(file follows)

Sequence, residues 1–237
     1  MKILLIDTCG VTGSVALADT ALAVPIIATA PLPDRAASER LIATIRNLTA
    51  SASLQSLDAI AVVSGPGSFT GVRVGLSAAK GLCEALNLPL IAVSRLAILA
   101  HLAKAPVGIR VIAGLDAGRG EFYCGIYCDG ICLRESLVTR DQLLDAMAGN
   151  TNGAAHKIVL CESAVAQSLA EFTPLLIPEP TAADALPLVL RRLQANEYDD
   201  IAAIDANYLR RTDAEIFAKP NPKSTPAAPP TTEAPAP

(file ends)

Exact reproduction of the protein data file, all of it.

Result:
Sequence, residues 1–237
     1  MKILLIDTCG VTGSVALADT ALAVPIIATA PLPDRAASER LIATIRNLTA
    51  SASLQSLDAI AVVSGPGSFT GVRVGLSAAK GLCEALNLPL IAVSRLAILA
   101  HLAKAPVGIR VIAGLDAGRG EFYCGIYCDG ICLRESLVTR DQLLDAMAGN
   151  TNGAAHKIVL CESAVAQSLA EFTPLLIPEP TAADALPLVL RRLQANEYDD
   201  IAAIDANYLR RTDAEIFAKP NPKSTPAAPP TTEAPAP